If you've ever seen the show "Mad Men" then your idea of what the advertising industry is like probably includes stunning board rooms, perfectly hemmed suits, teams of risk-taking creatives, and of course, big brilliant ad campaigns.

According to Mark Beeching, the former Global Chief Creative Officer of Digitas, one of the largest and most well known advertising agencies in the world, that couldn't be farther from the truth.

Beeching, otherwise known (according to Forbes) as one of the true "Mad Men" of Madison Avenue, has built an impressive portfolio having worked for some of the biggest brands all over the world.

Now, he wants out--or better said, he wants to work inside/out.

According to Mark, everything in the marketing landscape has changed except the agency business model itself. He says that the traditional advertising agency model is killing creativity and limiting new opportunities for clients, because of billable hours. With billable hours in place, the agency becomes concerned with how many hours can be billed times the maximum hourly rate, which isn't always in the best interest of the client.

Instead of working for any of the big agencies, Mark has rounded up a team of what he likes to call "entrepreneurial and un-reformable rebels" to create a new type of advertising agency: Blinding Glimpse of the Obvious [BGO].

To learn more about BGO and discuss the current state of the industry, I sat down with Mark to chat. The interview has been lightly edited for clarity.

Nicolas Cole: Let's dive right in. Why don't you share, from your perspective, what has happened to the advertising industry as a whole over the past few decades?

Mark Beeching: Just go and read the garbled, even bizarre, truly bizarre mess trying to explain the meaning of 'Advertising Agency' in Wikipedia. This isn't the fault of Wikipedia. The entry captures better than I can the complete confusion for clients about the word 'agency.' Whose agent is the agency? The usage goes back to J. Walter Thompson (one of the original Madison Avenue agencies), being an agent on behalf of the New York Times, selling advertising space. Since then, we have gone on adding and adding new channels, platforms, and marketing approaches without ever fundamentally examining the agency function itself or how agencies work together. It's a mess. For an industry purporting to be great at innovation and communication, we have failed miserably when it comes to reinventing ourselves in any cogent and substantive way.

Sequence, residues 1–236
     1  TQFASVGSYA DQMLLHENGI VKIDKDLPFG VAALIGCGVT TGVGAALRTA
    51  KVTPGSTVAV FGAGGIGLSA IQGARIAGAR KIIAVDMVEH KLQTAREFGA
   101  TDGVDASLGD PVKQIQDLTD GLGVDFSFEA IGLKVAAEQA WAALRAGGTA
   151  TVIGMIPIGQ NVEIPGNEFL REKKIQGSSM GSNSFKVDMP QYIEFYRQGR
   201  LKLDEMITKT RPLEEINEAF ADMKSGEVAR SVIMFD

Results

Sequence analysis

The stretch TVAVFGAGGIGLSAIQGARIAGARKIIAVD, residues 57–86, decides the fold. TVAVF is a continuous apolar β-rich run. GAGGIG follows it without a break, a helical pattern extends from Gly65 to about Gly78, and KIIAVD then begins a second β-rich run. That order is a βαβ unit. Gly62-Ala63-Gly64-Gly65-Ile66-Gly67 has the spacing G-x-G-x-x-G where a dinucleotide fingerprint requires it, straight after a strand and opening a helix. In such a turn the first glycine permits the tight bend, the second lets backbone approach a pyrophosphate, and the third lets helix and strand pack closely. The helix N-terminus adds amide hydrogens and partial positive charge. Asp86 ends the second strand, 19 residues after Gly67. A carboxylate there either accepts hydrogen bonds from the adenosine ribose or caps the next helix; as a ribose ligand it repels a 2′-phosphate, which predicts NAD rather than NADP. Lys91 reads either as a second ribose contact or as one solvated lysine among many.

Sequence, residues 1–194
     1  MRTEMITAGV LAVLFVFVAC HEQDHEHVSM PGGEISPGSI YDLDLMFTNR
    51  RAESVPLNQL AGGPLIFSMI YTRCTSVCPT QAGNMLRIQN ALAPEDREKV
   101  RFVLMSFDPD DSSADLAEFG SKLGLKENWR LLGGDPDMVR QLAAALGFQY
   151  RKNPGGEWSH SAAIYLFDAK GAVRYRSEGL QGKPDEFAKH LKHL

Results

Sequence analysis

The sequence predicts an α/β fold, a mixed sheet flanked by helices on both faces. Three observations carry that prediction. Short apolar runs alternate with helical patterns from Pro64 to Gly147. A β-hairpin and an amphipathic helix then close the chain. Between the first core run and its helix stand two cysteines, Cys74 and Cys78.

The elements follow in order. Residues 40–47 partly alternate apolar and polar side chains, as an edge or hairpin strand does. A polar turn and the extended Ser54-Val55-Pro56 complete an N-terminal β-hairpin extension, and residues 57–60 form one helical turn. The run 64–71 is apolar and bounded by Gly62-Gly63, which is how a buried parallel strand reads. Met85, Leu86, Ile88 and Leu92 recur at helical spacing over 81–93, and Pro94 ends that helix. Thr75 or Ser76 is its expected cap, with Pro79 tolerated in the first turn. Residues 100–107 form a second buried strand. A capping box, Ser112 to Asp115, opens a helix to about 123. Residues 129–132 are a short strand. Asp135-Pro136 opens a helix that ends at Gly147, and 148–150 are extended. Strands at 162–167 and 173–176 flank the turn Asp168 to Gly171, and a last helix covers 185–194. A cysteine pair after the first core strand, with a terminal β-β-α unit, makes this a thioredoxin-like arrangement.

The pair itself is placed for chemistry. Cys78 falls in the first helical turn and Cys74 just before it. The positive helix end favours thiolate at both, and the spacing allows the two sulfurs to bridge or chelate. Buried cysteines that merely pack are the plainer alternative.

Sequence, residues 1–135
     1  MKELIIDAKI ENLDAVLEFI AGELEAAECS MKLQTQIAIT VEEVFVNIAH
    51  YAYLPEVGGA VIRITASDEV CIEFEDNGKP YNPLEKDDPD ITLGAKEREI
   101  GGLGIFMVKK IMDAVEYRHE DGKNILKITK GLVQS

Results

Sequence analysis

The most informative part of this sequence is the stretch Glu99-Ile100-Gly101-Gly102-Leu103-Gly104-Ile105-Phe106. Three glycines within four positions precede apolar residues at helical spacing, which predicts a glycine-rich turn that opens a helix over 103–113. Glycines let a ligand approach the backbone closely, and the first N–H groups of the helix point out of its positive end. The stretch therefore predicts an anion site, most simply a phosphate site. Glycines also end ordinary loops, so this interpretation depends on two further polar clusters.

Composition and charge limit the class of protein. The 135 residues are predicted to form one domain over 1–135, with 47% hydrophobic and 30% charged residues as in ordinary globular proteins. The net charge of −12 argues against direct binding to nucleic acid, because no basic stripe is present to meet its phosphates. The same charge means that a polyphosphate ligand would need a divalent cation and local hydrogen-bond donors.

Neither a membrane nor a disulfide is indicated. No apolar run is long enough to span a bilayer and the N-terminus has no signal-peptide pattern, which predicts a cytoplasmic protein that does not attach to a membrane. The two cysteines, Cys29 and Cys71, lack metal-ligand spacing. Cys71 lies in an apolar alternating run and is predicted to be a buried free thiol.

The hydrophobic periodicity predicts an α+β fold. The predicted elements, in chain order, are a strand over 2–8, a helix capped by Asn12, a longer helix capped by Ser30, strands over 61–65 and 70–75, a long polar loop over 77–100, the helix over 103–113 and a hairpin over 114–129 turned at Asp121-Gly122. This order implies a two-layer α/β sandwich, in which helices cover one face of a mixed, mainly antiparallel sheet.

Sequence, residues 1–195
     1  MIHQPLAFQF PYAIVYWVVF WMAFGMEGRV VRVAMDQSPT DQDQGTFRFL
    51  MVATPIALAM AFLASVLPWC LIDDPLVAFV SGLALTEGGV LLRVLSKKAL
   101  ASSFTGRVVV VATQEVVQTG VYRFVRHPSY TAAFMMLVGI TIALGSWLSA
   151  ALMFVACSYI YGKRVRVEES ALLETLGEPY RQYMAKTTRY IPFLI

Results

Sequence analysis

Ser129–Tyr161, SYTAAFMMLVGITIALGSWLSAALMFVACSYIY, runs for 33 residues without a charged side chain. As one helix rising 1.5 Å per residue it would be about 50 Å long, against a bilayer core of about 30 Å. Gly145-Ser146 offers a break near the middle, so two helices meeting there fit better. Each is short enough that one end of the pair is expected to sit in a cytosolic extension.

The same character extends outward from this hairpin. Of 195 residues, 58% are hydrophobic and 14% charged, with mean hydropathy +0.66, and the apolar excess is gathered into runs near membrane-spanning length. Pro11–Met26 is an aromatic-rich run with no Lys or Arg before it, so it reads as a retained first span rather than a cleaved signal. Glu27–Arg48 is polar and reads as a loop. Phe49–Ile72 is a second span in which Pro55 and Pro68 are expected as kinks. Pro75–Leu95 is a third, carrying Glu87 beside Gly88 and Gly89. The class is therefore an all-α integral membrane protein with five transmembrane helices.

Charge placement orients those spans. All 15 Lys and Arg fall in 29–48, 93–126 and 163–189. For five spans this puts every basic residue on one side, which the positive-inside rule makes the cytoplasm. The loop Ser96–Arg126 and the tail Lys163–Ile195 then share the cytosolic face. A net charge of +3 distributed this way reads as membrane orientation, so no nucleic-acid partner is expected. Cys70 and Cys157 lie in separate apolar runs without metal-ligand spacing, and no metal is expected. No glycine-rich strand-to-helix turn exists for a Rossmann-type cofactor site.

Somewhere along the line, a messy agency landscape was made so much worse by putting the suits in charge, while creatives are left unsupervised to their own devices. It is a scary disconnect between the work and the numbers. Nothing personal against those suits running the agencies. Many are my friends. Good friends. But wow, how different from the original entrepreneurial Mad Men. The pioneers of the modern ad era like David Ogilvy, Leo Burnett, or Lester Wunderman were all idea guys. And business guys. They shaped the work and the industry. The business managers worked for them--not the other way around. Shaping the industry was much too important to be left to the suits. And the ideas too important to be left to the creatives alone.

Agencies have inherited the 'Mad Men' model, aspiring to their dress sense perhaps but not inspired by them to subvert and reinvent the industry all over again. Rebellion and ambition have been reduced to startups planning how they can get bought up by one of the holding companies.

NC: Why do you think that is?

MB: Billable hours! And commission on billings! Our twin-headed task masters. It is a brutally obvious truth that goes largely unsaid. This is not a difficult or brilliant insight. Just an ignored one.

You know what? We achieved a lot at Digitas. I am really proud of what we achieved during my 10 years there--to a point. But take the NewFronts, an annual marketing conference hosted by Digitas. Having pioneered and created a new space for brands and content creators to conspire and collaborate, the agency ultimately fell short of radical change. Because we had to somehow reverse-engineer the new opportunities into old billable hours. We had to keep the factory busy. Much of our most successful and astonishing breakthrough work, like an UNSTAGED or Small Business Saturday for American Express, simply failed to pay the bills. It was done despite the business model. Not because of it. Digitas is no different in this respect from any other great agency. And I still hugely respect what they do. But it is both not enough and too much for the modern CMO.